I threw some layouts and 540s, but with only one week, I decided to focus on the double. Paul went through the double in painstaking detail, deconstructing it and reconstructing it to give my double more power, height, and consistency. On my last day, I threw 4 doubles that all looked about the same and were probably the best ones I’ve ever thrown. Need to open up sooner and, and as Paul says, “expose” myself to the catcher. So I know now that I have it in me, which is a massive confidence booster.

Catching-wise, I threw some splits and half turns to work on my return. Paul noted that I was doing everything too quickly, that I was swinging on the catcher like I’d swing on the trapeze bar. “When you’re swinging off the catcher, he’s swinging off the bar, so you end up swinging on a much longer pendulum compared to when you’re swinging on the bar. So your movements have to be slower and bigger to adapt.” Something for my mind to chew on!

On the last class of the last day, Sudhir The Brave popped The Question.

SUDHIR: Paul, we were wondering, most respectfully, if you might be willing to catch us out of lines.
PAUL: It’s not the done thing, but with you guys, sure.
HORTENSE, SUDHIR & I: *high fives and internal screaming*

And guess what? We all caught and returned to the platform! Aaaahhhh!


In summary…

Highly recommended! Kaiceitos seems to be something of a hidden gem – most of the time, it was just a handful of us flying – Sudhir, Hortense, me, and we made friends with two awesome American ladies, Catherine and Danielle. In the afternoon we’d have some kids join in, but even so, we got lots and lots of goes. So much so that we’d sometimes loiter and sip our ice cold pineapple juices and Paul would kick us and go, “Are you gonna fuck around, or are you gonna fly?”. Love it!

While I selfishly want it kept a hidden gem, Paul is too amazing of a coach, and Kaiceitos deserves to be swarmed by flying trapeze enthusiasts all year round.

Flying Trapeze School

Kaiceitos Circus is run by the inimitable Paul Roberts. A week of flying costs $200. They also teach trampolining, bungy, silks, and hoop.

Paul’s team is made up of Marcus and Anyelou, nicknamed Chino and Chiqui, and Jodie was getting trained up as a board monkey when we were there. The boys are really sweet! Marcus is the most experienced, a great catcher and line puller, relaxed, charming, and speaks great English. Anyelou is less experienced but learns fast – he’s a reliable catcher, throws a mean double, and knows way more English than he lets on, he’s just a bit shy ???? We gave Paul and the boys a tip at the end because it was super well-deserved.


Kaiceitos is located on the grounds of eXtreme hotel; a spacious room to yourself costs $350/week, less if you share a room with a friend (beware that the info re: the Circus Package is outdated, email them for more info). They’re separate businesses, so you don’t have to stay there – Kite Beach Inn, only a couple of minutes walk on the beach away and in similar price range, has better WIFI and showers. eXtreme has drinking water provided in the room and a fridge with an ice compartment for my hot hands.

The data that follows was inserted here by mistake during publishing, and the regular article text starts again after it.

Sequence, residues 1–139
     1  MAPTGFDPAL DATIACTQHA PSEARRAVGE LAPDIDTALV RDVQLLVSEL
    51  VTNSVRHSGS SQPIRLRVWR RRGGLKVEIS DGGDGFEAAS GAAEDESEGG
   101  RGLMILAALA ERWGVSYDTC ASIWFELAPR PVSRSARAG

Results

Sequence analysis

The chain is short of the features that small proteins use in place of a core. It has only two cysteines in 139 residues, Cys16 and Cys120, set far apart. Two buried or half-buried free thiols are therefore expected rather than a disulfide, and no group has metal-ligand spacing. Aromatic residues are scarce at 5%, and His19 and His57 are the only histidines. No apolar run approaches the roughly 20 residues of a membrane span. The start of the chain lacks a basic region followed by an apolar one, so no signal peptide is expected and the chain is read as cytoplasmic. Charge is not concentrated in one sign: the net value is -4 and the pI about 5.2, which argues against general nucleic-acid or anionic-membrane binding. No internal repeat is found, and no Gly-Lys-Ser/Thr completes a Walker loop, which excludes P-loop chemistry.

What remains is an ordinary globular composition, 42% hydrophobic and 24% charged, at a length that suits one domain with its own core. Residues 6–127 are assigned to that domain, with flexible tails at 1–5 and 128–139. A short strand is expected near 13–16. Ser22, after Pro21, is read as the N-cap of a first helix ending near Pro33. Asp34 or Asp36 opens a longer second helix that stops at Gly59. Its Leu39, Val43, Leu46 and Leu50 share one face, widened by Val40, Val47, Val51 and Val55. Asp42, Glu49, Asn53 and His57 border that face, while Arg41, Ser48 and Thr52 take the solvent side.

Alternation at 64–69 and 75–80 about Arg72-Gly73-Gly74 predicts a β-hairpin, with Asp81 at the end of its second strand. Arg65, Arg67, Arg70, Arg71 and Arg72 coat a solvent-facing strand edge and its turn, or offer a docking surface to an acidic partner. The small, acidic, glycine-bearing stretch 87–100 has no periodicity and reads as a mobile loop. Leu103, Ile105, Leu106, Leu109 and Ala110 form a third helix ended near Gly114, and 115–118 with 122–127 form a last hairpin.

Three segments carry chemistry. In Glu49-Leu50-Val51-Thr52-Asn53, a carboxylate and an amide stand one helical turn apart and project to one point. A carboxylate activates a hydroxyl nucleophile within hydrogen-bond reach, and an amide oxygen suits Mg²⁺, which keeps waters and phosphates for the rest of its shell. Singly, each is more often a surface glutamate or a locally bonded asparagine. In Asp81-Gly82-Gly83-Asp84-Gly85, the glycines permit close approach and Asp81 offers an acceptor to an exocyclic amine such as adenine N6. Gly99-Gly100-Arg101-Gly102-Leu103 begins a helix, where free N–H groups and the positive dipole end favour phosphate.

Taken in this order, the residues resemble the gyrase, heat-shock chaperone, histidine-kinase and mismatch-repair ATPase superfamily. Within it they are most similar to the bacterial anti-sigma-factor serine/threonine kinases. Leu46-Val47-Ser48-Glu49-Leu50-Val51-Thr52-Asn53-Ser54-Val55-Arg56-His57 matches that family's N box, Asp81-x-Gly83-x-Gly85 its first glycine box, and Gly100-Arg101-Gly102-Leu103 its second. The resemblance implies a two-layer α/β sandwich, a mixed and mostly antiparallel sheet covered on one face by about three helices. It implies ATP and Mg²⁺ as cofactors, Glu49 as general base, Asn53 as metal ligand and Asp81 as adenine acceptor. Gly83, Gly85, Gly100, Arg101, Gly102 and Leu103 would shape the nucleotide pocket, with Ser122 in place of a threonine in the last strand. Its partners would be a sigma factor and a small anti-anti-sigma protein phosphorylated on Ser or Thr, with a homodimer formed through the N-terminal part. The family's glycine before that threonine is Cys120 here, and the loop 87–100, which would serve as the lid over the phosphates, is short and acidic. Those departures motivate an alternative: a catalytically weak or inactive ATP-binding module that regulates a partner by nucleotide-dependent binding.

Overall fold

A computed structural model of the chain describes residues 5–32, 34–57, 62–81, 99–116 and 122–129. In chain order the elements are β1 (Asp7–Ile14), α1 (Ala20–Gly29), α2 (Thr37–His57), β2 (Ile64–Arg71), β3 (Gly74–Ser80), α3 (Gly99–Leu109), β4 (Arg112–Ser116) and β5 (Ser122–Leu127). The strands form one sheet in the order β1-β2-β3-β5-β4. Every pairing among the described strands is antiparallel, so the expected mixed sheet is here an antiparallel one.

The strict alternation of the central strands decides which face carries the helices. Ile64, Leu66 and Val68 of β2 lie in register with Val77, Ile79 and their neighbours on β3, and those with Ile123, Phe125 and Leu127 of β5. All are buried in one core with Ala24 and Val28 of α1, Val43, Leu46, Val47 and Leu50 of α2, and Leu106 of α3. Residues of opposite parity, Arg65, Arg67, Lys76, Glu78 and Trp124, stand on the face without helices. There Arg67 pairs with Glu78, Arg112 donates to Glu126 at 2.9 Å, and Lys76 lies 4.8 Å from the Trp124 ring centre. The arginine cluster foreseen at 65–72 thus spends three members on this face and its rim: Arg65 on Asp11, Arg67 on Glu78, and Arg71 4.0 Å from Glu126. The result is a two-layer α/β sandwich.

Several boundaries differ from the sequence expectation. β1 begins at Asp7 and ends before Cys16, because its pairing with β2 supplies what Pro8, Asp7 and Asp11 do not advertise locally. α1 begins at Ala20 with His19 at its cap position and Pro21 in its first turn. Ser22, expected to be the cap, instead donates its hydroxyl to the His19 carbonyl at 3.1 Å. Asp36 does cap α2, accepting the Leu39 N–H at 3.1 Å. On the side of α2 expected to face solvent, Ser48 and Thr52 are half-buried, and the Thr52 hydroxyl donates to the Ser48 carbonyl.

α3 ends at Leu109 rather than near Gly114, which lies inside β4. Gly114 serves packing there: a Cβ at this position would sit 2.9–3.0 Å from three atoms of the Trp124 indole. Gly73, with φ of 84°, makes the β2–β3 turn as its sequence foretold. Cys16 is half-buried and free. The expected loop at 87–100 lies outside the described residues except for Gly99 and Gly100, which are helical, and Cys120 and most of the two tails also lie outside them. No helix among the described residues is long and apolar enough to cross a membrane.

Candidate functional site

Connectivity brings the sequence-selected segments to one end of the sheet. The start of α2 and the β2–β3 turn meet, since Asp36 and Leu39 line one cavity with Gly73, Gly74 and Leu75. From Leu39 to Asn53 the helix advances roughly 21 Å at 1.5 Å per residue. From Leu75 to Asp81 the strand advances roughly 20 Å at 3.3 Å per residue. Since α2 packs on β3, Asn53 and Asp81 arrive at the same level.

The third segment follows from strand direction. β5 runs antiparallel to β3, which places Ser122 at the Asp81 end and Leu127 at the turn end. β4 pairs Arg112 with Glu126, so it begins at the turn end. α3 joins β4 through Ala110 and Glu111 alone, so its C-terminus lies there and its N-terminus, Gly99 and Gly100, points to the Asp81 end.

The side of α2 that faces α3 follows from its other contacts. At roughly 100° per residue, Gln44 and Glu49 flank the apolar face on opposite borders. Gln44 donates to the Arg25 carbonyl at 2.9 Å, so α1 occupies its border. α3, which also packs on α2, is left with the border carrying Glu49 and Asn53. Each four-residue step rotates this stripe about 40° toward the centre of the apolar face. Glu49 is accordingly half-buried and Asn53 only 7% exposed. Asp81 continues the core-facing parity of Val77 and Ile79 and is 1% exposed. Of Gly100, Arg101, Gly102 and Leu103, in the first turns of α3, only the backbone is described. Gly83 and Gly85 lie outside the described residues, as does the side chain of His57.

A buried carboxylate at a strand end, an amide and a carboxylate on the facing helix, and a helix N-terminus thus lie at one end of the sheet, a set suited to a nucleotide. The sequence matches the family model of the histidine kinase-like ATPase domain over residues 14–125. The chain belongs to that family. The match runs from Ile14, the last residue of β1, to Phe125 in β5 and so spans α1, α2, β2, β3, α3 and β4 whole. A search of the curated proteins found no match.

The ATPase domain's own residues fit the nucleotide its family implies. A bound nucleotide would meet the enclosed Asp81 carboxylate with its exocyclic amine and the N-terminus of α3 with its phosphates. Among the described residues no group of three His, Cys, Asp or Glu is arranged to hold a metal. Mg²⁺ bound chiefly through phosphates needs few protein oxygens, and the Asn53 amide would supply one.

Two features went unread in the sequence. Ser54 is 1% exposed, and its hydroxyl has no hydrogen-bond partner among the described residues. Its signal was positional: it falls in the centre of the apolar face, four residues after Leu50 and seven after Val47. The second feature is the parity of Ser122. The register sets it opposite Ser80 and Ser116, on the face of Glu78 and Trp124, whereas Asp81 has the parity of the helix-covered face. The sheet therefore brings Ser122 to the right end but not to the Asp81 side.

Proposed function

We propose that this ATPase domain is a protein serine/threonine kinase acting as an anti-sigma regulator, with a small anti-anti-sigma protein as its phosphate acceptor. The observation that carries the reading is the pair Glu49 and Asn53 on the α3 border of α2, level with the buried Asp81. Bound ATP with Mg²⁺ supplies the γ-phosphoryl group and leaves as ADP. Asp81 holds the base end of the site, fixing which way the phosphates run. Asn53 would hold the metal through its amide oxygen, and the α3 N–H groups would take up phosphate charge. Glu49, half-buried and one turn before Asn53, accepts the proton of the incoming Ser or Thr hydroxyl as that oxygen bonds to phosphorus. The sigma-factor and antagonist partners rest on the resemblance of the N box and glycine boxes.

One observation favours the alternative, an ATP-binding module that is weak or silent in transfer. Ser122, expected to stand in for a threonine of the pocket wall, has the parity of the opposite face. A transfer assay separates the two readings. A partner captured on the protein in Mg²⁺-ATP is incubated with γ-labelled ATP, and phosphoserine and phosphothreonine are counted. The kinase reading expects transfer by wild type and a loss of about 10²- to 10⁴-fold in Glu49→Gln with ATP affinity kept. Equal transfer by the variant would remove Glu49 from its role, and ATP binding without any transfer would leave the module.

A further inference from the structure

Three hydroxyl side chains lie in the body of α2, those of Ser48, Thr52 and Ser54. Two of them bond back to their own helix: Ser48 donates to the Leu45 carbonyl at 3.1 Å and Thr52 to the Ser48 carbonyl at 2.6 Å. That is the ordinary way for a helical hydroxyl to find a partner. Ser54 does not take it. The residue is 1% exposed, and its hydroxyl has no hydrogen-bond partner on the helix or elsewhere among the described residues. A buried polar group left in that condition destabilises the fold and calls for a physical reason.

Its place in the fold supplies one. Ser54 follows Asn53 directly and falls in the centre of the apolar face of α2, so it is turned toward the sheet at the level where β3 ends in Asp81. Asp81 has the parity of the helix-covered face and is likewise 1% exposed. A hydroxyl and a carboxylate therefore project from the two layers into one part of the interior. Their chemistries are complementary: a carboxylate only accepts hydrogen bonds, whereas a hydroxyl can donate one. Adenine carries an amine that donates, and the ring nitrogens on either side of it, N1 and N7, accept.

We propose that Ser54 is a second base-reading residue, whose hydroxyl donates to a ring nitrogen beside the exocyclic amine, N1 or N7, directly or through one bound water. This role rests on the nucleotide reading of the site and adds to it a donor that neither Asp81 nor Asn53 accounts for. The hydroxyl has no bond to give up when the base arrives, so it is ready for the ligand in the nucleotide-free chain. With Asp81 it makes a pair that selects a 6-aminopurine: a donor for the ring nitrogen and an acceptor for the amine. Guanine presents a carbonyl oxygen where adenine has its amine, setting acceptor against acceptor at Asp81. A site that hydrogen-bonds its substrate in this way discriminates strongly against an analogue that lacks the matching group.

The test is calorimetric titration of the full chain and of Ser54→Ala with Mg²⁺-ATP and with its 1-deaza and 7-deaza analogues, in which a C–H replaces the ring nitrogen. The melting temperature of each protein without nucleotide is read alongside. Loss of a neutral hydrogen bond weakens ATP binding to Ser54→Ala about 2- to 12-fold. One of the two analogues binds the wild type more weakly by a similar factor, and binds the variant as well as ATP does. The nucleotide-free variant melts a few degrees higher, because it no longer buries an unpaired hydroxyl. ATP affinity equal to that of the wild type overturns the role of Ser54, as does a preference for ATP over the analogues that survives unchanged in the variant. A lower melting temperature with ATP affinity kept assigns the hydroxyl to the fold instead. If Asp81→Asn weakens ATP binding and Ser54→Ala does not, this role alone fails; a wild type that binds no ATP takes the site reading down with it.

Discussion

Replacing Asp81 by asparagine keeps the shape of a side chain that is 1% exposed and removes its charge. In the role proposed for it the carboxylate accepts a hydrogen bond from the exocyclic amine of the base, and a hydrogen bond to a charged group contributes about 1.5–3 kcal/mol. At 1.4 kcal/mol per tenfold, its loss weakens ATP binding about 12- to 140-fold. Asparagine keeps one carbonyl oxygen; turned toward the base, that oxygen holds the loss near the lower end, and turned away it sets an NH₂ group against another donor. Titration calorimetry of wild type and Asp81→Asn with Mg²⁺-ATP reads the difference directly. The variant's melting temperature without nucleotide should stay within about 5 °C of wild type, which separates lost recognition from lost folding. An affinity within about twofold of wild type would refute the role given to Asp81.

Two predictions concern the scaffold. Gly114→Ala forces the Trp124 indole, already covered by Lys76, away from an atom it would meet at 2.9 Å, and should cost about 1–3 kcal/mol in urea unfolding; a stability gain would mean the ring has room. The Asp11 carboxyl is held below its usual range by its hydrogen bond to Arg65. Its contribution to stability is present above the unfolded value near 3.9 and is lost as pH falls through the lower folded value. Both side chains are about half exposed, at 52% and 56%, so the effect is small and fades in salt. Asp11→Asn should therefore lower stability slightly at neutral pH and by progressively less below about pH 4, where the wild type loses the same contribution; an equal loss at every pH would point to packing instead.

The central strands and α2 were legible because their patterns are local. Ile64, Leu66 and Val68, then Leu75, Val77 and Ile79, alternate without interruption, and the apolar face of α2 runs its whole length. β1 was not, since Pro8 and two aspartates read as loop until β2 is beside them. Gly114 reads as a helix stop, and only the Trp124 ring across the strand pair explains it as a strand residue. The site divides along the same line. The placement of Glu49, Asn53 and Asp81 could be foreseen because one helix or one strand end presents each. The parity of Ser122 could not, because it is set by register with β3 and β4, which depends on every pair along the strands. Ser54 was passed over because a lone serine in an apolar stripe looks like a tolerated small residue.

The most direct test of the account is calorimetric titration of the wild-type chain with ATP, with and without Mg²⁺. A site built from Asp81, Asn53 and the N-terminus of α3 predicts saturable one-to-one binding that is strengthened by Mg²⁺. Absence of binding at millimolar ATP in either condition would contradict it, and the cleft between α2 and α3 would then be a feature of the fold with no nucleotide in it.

The nearest airport is Puerto Plata (POP). If you live in London, Thomson Airways flies there directly from Gatwick airport. My return flights were just under £400 (£75 extra if you want check-in luggage, I managed with 5kg hand luggage just fine). If you’re based elsewhere, check eXtreme hotel’s Getting Here and Getting Around guides.

Food & Drink

There’s yummy, healthy, and cheap food and drink everywhere. My favourite is hands down Kite Club Cafe, right next to Kite Beach Inn and two minutes’ walk from the rig. The Head Chef is a sassy bombshell blonde called Tania, her BBQ and veggie dishes are divine!


Bring US dollars and Dominican Pesos. For one week, I brought $750 and DOP 13,000 and spent most of it.


I got Hepatitis A and Typhoid vaccines and took malaria tablets as recommended by travel clinics, but my travel companions didn’t bother. None of us had any health issues besides a few mosquito bites.

I didn’t rip my hands once! I taped up any bits of my hand that got ouchy before and during class, and after class I’d ice my hands by wrapping them around ice cold drinks and sticking my palms onto the ice compartment in the hotel room fridge. I also diligently applied the Joshua Tree Gymnast Salve, which I credit for my tough calluses.

Travel insurance

InsureandGo has an off-the-shelf package that includes flying trapeze, it cost me £54 for a week and I think £62 for an annual multi-trip. I went for the annual multi-trip package as I hope to go back in winter ????


Yes! Paul runs kids classes in the afternoon; he has a lot of energy and knows how to talk to them and keep them engaged.

For example, there was this 4-year old boy learning the knee hang, and he was SO CUTE and SO EARNEST, but he’d keep pulling his hips over the bar instead of hooking his knees on the bar. We all clapped and cheered him on – he’s only 4, and having the best time of his life, who were we to tell him to do otherwise? But Paul sat this little boy down and said, “Now that you’re a seasoned flying trapeze artist, I want to give you a challenge,” and he went on to explain hooking the knees on the bar. The kid did it perfectly the next time. It was pretty astounding to witness.

Got questions? Throw them at me!